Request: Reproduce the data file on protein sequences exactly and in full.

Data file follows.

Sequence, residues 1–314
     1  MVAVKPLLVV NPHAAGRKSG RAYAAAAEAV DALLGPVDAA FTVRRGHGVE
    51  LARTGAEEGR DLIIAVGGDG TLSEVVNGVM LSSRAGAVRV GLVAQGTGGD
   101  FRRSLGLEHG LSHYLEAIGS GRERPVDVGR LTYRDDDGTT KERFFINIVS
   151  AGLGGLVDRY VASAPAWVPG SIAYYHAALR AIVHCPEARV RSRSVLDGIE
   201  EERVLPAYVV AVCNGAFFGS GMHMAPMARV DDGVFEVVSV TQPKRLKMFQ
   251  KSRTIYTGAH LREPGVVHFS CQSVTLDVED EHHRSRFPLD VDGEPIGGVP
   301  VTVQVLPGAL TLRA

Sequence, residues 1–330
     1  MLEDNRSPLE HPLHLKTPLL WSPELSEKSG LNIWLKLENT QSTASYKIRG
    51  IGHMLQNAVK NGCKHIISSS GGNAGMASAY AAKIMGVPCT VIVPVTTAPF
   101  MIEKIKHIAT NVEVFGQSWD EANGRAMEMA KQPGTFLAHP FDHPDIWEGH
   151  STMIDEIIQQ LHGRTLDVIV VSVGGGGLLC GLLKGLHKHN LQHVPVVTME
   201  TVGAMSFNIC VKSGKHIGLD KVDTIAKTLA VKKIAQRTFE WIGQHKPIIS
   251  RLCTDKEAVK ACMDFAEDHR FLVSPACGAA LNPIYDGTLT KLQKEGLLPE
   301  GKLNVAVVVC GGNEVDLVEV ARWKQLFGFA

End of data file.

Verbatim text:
Sequence, residues 1–314
     1  MVAVKPLLVV NPHAAGRKSG RAYAAAAEAV DALLGPVDAA FTVRRGHGVE
    51  LARTGAEEGR DLIIAVGGDG TLSEVVNGVM LSSRAGAVRV GLVAQGTGGD
   101  FRRSLGLEHG LSHYLEAIGS GRERPVDVGR LTYRDDDGTT KERFFINIVS
   151  AGLGGLVDRY VASAPAWVPG SIAYYHAALR AIVHCPEARV RSRSVLDGIE
   201  EERVLPAYVV AVCNGAFFGS GMHMAPMARV DDGVFEVVSV TQPKRLKMFQ
   251  KSRTIYTGAH LREPGVVHFS CQSVTLDVED EHHRSRFPLD VDGEPIGGVP
   301  VTVQVLPGAL TLRA

Sequence, residues 1–330
     1  MLEDNRSPLE HPLHLKTPLL WSPELSEKSG LNIWLKLENT QSTASYKIRG
    51  IGHMLQNAVK NGCKHIISSS GGNAGMASAY AAKIMGVPCT VIVPVTTAPF
   101  MIEKIKHIAT NVEVFGQSWD EANGRAMEMA KQPGTFLAHP FDHPDIWEGH
   151  STMIDEIIQQ LHGRTLDVIV VSVGGGGLLC GLLKGLHKHN LQHVPVVTME
   201  TVGAMSFNIC VKSGKHIGLD KVDTIAKTLA VKKIAQRTFE WIGQHKPIIS
   251  RLCTDKEAVK ACMDFAEDHR FLVSPACGAA LNPIYDGTLT KLQKEGLLPE
   301  GKLNVAVVVC GGNEVDLVEV ARWKQLFGFA